Dodge was recognized by the trade publication (which serves CAD and 3-D design professionals) for the elegant integration between Sweets data and the Autodesk applications Revit and AutoCAD, which enables users to bring Sweets’ richly annotated products directly into their design tools at an early stage. Launched in January 2016, the Sweets app for Revit provides product integration for the 3-D design software’s 400,000-strong user base, while Sweets for AutoCAD, previewed at AIA and launching later this year, offers support for 2-D design projects and will be available to millions of AutoCAD users worldwide.

ind-05The Sweets apps are a key component of Dodge’s commitment to simplify design professionals’ workflow by delivering Sweets’ richly annotated products right into their design tools. A number of key partner companies have already adopted the Sweets app for Revit, including Allegion, C/S Group, Sloan, Armstrong Ceilings, Excel Dryer, and Maxxon Corporation. Since AIA, other firms such as AMX by Harman, American Specialties, Inc., and Terrazzo & Marble Supply have also begun implementing the new software.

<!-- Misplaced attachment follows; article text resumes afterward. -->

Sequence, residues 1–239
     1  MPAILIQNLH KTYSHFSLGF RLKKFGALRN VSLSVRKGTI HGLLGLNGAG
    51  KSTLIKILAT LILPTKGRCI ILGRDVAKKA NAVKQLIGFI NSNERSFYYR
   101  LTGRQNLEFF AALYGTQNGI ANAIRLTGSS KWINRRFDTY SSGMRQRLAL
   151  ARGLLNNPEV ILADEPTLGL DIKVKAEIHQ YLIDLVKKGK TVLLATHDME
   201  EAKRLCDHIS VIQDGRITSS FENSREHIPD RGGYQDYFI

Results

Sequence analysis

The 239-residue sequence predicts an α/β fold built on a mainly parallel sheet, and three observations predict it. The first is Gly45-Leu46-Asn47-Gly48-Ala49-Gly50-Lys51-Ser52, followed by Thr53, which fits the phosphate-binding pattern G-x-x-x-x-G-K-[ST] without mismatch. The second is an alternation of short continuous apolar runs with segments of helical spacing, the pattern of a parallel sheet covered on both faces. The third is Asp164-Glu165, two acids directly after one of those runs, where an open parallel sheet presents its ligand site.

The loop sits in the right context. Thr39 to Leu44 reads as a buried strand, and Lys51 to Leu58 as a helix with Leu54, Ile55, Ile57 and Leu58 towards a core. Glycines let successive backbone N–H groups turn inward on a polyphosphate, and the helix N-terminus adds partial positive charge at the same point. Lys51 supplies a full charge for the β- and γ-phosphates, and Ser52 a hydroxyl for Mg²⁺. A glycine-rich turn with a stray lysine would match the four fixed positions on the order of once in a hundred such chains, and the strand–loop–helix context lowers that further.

Technical Feature: Choosing the Correct Acoustical Underlayment

techfeat-01By Ryne Sternberg,
Business Development Engineer, Pliteq, Inc.

Over the past 10 years, multi-family construction has increased demand for hard surface flooring, whether this be tile, stone, engineered wood, or vinyl plank. Unfortunately, these hard floor coverings accentuate sound vibrations, which lead to complaints from residents. When sound enters high-rise concrete structures, it travels through the concrete as vibration and radiates into multiple units, disturbing occupants. Installing a high-performance acoustical underlayment underneath the finished floor prevents these vibrations from entering the structure. This interstitial layer between the finished floor and concrete structure decouples the contact points, limiting excess impact noise or any other vibrations caused by the structure.

The International Building Code (IBC) has mandated multi-family construction to meet certain levels of sound attenuation in two classes, sound transmission class (STC) and impact insulation class (IIC). These classes take care of airborne (STC) and impact (IIC) noise. Airborne noise includes loud music, yelling, singing, etc. Impact noise can be caused by activities like high heels, moving furniture, or dancing. Ratings are given to a floor-ceiling assembly when it has been tested in a third-party NVLAP accredited laboratory. Ratings mandated for minimum levels of sound control are STC/IIC 50 when tested in a laboratory and STC/IIC 45 when tested in the field. If these levels are not met, developers, architects, and contractors may be liable for the repairs needed to meet IBC and local building code requirements.